Case report #2, December 2016

A 39-year-old Caucasian women diagnosed with pancolonic UC 3 months earlier was admitted into our department because of a severe flare of the disease and an associated Clostridium difficile infection. She had started treatment with 160 mg of adalimumab due to steroid-dependent disease 9 days before, after performing a rectosigmoidoscopy which showed erythema, lack of vascular pattern, friability, erosions and aphtae (grade 2 of Mayo endoscopic sub-score, 3 points in the UCEIS index); complete examination was not performed because of the risk of perforation. CMV infection was ruled out in rectal biopsies. Laboratory findings showed haemoglobin of 12.3 g/dL, 14.500 leucocytes per mL, fibrinogen of 873 mg/dL, serum creatinine of 1.18 mg/dL, and CRP of 9.2 mg/dL. Metronidazole was started and a second dose of adalimumab was administered. Venous thrombosis prophylaxis with subcutaneous enoxaparin, 40 mg per day, was started. As fever, bloody diarrhoea and abdominal pain persisted, intravenous corticosteroids at 1 mg per kg of weight dosage were started; the patient was also switched to intravenous infliximab at 10 mg per kg of weight. CMV PCR in blood samples was negative, and faecal samples ruled out Clostridium difficile persistence. After 3 days partial response was observed – 3 bloody stools per day, no colonic dilation on abdominal X-ray (Edinburgh index 0 points), CRP 5.6 mg/dL – and a second infliximab infusion at 10 mg per kg of weight was administered 4 days later. After 12 h she presented massive lower haemorrhage, hypotension, tachycardia and severe anaemia needing supportive intervention with intravenous fluids and packed red blood cells transfusion. A CT scan showed active arterial bleeding in the ascendant colon; subsequent arteriography showed active arterial bleeding from a colic branch of the superior mesenteric artery that could be embolized with polyvinyl alcohol particles (Contour TM, Boston Scientific), with immediate technical success. Although clinical situation became steady, 6 days later she developed a massive haemorrhage; finally, urgent laparoscopic subtotal colectomy and terminal ileostomy were done. Clinical evolution was favourable, and the patient was discharged with corticosteroid tapering. Pathological evaluation of the colon confirmed the diagnosis of UC without infectious complications or dysplasia.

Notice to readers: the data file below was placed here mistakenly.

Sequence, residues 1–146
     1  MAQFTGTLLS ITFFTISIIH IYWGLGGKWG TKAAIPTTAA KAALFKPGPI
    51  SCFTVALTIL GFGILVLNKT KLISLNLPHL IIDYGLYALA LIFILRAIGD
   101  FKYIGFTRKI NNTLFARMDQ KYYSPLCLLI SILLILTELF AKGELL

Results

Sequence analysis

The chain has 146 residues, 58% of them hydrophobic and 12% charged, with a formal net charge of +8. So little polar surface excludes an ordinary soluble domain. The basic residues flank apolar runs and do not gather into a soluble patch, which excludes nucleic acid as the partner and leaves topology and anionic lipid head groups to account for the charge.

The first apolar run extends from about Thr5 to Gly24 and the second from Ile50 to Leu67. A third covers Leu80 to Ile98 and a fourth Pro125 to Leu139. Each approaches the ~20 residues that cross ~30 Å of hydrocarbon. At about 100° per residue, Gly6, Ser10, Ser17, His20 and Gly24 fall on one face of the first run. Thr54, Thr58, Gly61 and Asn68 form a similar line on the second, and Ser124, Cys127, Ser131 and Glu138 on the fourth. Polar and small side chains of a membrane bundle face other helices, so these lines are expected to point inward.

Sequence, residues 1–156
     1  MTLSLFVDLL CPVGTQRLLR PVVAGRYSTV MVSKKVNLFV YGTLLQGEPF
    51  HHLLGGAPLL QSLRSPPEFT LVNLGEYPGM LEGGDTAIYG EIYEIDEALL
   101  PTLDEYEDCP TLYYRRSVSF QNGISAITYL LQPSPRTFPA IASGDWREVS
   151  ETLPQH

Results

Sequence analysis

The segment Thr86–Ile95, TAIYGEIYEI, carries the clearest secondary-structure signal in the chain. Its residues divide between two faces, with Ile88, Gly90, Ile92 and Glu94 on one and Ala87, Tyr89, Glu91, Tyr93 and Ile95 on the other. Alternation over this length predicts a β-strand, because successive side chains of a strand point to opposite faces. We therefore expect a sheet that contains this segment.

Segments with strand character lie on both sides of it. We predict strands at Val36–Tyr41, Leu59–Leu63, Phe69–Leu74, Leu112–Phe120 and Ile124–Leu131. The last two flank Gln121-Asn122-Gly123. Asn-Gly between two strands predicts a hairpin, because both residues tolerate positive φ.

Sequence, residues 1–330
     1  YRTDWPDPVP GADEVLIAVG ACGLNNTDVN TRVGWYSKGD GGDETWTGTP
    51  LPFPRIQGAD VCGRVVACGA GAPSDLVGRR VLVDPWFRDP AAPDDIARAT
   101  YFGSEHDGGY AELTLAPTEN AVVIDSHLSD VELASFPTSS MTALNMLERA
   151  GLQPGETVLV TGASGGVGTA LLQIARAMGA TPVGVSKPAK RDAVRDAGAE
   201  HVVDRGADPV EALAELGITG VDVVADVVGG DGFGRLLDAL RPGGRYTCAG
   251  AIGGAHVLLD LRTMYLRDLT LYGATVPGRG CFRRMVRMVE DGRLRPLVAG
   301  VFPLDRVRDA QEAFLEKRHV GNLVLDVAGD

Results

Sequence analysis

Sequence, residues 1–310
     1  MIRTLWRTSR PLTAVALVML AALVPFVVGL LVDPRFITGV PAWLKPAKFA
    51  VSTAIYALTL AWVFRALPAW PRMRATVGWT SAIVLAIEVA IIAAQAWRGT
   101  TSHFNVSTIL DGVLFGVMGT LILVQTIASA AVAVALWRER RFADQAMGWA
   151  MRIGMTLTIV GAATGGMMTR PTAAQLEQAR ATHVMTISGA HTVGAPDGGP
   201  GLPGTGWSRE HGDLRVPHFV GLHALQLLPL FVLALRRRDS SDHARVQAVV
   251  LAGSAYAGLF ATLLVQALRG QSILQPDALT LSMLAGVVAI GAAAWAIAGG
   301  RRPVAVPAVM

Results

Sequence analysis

Case report #3, January 2018

A 42-year-old Hispanic woman with history of autoimmune hypothyroidism and uncomplicated Caesarean section 6 weeks before, was admitted to our hospital because of fever, abdominal pain and bloody diarrhoea – confirmed after digital rectal examination – with up to 8 bloody bowel movements per day for the last 4 days. Physical examination also showed diffuse abdominal tenderness without signs of peritonitis. Laboratory exam showed haemoglobin of 9.2 g/dL, leucocytes 11.610 per mL, fibrinogen of 828 mg/dL, CRP of 4.4 mg/dL and ALT of 127 UI/mL, with no other significant alterations. A CT-scan ruled out obstetric complications, showing marked oedema of rectum and sigmoid colon; rectosigmoidoscopy showed severe inflammation (grade 3 in Mayo endoscopic sub-score; 5 points in UCEIS index) with deep and large ulcers affecting the whole circumference from rectum to 45 cm from anus, erythema and erosions; complete examination was not performed because of the risk of perforation. Despite negative stool cultures, ciprofloxacin and metronidazole was initiated, as well as oral (4 g per day) and topical mesalamine (1 g per day), with favourable response. Histopathological examination of colonic biopsy specimens showed crypt distortion, a mixed inflammatory infiltrate of the lamina propria and crypt abscesses, suggesting UC. After 6 days of therapy, she presented a lower massive gastrointestinal bleeding, with haemodynamic instability and severe anaemia needing supportive intervention with intravenous fluids and packed red blood cells transfusion. Corticosteroids at 1 mg per kg of weight dosage were started. Urgent CT-scan showed active arterial bleeding in the sigmoid colon; subsequent arteriography performed 16 h from the beginning of symptoms showed active bleeding from a branch of the inferior mesenteric artery. After selective catheterization, embolization with polyvinyl alcohol particles (Contour TM, Boston Scientific) was performed with immediate technical success, as demonstrated by complete occlusion of the bleeding vessel confirmed by a control radiographic series with the injection of contrast in the inferior mesenteric artery. However, 5 h after the procedure she restarted with persistent bleeding, abdominal pain, need for additional packed red blood cells transfusion and, finally, urgent open subtotal colectomy and terminal ileostomy was performed. Pathological evaluation of the colon showed signs of UC without infectious complication or dysplasia.